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The Kid can Climb

From issue 84 • Words by Brad Roe with images courtesy, William O’Shaughnessy

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I could hear honesty and freedom in the calm voice of William O’Shaughnessy when I talked to him on the phone. He and his son were on their way to a training ride outside of Tampa, Florida, and he was lamenting how flat things are there, especially for his son Giovanni, who at age 12 has climbed more mountains than most of us ever will. “G” as his dad calls him, is turning 13 soon, and he and his dad are hitting the road and conquering more big climbs together this spring.

After a tsunami and then an earthquake destroyed their home at Dumaguete in the Philippines, the family of three headed back to the States and ended up settling in Florida, where William plays in a band and “G” occasionally sits in on percussion. William fell in love with cycling in Italy in the 1980s while playing in a Jim Morrison cover band and living in the Veneto. A friend in Treviso introduced him to Mr. Pinarello, who sold him a bike and he was instantly immersed in the race and cycling culture in Italy. Fast forward a few years and the father-son duo are riding every day after homeschooling and staying fit to climb mountains together. But this story isn’t about William; it’s about a 13-year-old boy who loves to climb.

Giovanni, tell us what you are up to at the moment? We are preparing for our spring climbing season here in sunny, flat Florida! Being that I am only 12 going on 13, I am growing and always need to make adjustments on bike gear, so we are working on that. Our departure date is not yet set as I am awaiting some critical upgrade parts. It looks as though by early March we should be ready to roll back out to Tucson, Nevada, southwest Texas, Death Valley and Colorado.

When did you start riding and what is it about climbing that you love so much? I began my adventure on two wheels at the early age of 3. Since that time, my dad was instrumental in developing my interest. We are a cycling family and have always had our bikes wherever we go. My first climb was on Mount Greylock in the Berkshires of Massachusetts. I was 8 years old then. My first attempt was a bit of a struggle. After that experience of seeing the wonder and awe of the mountain, I was hooked.

Do you dream about becoming a professional cyclist? At times I do give some thought to becoming a pro but it’s never the reason why I ride or climb. I’m motivated because of the freedom it gives me to explore.

Giovanni’s Palmarès
Mount Lemmon, Arizona
Wuling Pass (KOM challenge), Taiwan
Pikes Peak, Colorado
Mount Evans, Colorado
Little Cottonwood & Big Cottonwood Canyons, Utah
Cedar City to Escalante. Utah
Mount Greylock (5x each side), Massachusetts
Mount Wachusett, Massachusetts
Mount Kearsarge, New Hampshire
Chisos Mountains Basin, Texas
Death Valley, California (1 week)
Mormon Trail, Utah
Carson Pass, California
Mount Rose Summit, Nevada

Tell us a little about some of the challenges you have had to overcome in your life and how does cycling help you heal or get stronger? One of my biggest challenges was when I was living back in my homeland country of the Philippines. I was born in a small, remote village. My dad took us back to the U.S. and then we decided to move back to the Philippines. In 2011, at 6 a.m. on December 17, we had one of the worst typhoons ever recorded: Typhoon Sendong landed and it was scary. Many people lost their lives and we nearly got killed too. My dad ran with me to higher ground. My mom disappeared in a flash flood. She wound up on the roof of the house. After a few hours we came back to our home. Everything was gone. Washed away. Even the little Christmas tree and gifts were all gone. So we decided to stay and campaign to raise money to help those less fortunate than us. We helped rebuild lives on Christmas Day. That was perhaps the most memorable Christmas yet. It also was a life-changing event that changed my whole perspective on what’s really important. Cycling for me was just a dream then, back in that typhoon. When I got my first bike, the strength of the Filipino people and my family back there really gives me renewed faith and strength when I’m riding.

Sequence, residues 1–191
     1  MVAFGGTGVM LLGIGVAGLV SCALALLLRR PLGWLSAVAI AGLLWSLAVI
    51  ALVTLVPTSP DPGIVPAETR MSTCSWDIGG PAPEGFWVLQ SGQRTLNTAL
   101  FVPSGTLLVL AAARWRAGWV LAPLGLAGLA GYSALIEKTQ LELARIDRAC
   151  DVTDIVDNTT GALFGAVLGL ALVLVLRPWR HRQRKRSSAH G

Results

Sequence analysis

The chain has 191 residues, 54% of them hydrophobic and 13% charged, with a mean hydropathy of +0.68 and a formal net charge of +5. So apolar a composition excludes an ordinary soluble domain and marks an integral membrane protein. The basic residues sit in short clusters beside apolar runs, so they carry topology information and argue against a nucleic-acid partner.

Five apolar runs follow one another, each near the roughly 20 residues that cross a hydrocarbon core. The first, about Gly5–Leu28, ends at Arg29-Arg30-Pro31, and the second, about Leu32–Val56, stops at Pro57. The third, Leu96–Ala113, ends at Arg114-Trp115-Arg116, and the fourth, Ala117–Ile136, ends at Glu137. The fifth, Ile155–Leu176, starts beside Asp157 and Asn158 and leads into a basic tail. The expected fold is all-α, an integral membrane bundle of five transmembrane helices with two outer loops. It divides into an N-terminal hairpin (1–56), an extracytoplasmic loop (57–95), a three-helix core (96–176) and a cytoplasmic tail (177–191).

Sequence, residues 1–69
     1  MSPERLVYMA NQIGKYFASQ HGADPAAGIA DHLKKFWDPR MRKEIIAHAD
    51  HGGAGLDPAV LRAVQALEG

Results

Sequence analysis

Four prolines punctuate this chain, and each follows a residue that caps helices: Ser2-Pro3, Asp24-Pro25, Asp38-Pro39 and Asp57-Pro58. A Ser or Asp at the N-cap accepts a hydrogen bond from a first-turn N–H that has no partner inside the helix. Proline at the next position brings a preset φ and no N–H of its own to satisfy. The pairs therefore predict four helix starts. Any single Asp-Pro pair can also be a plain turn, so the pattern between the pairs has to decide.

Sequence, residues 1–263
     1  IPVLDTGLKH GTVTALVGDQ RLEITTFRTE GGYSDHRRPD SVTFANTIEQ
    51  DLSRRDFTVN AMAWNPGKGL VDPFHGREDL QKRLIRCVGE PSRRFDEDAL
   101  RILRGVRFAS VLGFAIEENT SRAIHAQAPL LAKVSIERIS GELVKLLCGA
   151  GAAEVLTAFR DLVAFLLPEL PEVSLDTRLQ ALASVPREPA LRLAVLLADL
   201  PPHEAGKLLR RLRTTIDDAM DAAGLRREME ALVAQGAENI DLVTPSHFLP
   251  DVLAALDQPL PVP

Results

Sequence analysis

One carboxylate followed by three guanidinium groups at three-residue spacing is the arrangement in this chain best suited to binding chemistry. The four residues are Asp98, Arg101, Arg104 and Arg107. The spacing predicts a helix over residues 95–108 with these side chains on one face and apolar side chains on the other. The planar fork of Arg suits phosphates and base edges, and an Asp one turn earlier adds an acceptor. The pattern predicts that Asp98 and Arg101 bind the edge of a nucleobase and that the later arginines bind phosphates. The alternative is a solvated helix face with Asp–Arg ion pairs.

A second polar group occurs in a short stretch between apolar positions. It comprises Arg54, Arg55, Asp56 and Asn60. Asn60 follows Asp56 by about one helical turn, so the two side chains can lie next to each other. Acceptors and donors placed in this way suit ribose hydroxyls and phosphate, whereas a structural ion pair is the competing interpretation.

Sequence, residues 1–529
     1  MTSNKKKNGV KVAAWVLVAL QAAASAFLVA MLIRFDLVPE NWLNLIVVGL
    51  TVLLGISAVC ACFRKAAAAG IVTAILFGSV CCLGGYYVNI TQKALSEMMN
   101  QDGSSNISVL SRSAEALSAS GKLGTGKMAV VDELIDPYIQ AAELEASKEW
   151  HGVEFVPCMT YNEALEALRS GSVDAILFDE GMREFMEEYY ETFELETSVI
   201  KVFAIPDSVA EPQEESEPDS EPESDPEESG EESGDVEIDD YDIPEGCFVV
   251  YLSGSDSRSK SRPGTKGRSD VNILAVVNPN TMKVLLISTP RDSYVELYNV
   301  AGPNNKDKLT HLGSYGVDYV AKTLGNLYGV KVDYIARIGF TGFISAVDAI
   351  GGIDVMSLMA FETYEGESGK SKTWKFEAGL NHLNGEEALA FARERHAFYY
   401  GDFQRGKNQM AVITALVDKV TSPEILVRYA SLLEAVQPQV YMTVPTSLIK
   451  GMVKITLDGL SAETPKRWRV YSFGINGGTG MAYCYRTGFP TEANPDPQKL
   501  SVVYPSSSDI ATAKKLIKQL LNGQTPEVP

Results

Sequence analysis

What interests and hobbies do you have other than cycling? I really want to get into MTB and check out Moab and places I’ve heard about that are on my radar. Now I just need to save up for a mountain bike!

What is your favorite book and your favorite music? I love to look at legends of cycling. My dad gifted me a book on Fausto Coppi. I am also reading “Italian Racing Bicycles.” It’s more about the building of bikes. I do like the mechanics of it. I actually play music with my dad’s band. He’s a drummer and plays steel drums too. Last summer I filled in for a player who canceled last minute. All of his band mates are topnotch players out of New York City. They really seemed to dig my skills on percussion. So that is my new gig!

Do you have any cycling heroes? When we went on our last climbing trip we stopped in at Mellow Johnny’s [in Austin, Texas]. I had a coffee at Juan Pelota. I then learned what that meant—LOL. I like Lance. He is still one of the greats and has a brash sense of humor that I find appealing. As far as legends: Fausto, Bartali, Merckx, Anquetil, Hampsten, Bobet, quite a few actually. Today, probably Sagan. He still has a sense of humor and says it like it is.

From issue 84. Buy it here.